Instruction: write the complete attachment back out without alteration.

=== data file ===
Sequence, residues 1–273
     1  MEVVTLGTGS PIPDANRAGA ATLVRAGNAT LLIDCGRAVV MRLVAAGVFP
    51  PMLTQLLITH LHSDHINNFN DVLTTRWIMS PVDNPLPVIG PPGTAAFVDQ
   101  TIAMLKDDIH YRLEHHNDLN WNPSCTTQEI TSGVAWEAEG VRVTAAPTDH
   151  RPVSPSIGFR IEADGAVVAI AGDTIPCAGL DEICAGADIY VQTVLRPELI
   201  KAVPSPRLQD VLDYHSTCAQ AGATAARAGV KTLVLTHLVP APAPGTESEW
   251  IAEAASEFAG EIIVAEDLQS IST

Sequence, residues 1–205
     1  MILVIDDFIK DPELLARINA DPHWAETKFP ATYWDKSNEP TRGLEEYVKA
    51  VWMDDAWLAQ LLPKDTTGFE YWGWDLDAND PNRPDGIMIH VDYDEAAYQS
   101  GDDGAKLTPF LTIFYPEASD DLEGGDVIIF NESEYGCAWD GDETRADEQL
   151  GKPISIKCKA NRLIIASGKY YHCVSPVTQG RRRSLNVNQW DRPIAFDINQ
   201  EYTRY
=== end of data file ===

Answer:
Sequence, residues 1–273
     1  MEVVTLGTGS PIPDANRAGA ATLVRAGNAT LLIDCGRAVV MRLVAAGVFP
    51  PMLTQLLITH LHSDHINNFN DVLTTRWIMS PVDNPLPVIG PPGTAAFVDQ
   101  TIAMLKDDIH YRLEHHNDLN WNPSCTTQEI TSGVAWEAEG VRVTAAPTDH
   151  RPVSPSIGFR IEADGAVVAI AGDTIPCAGL DEICAGADIY VQTVLRPELI
   201  KAVPSPRLQD VLDYHSTCAQ AGATAARAGV KTLVLTHLVP APAPGTESEW
   251  IAEAASEFAG EIIVAEDLQS IST

Sequence, residues 1–205
     1  MILVIDDFIK DPELLARINA DPHWAETKFP ATYWDKSNEP TRGLEEYVKA
    51  VWMDDAWLAQ LLPKDTTGFE YWGWDLDAND PNRPDGIMIH VDYDEAAYQS
   101  GDDGAKLTPF LTIFYPEASD DLEGGDVIIF NESEYGCAWD GDETRADEQL
   151  GKPISIKCKA NRLIIASGKY YHCVSPVTQG RRRSLNVNQW DRPIAFDINQ
   201  EYTRY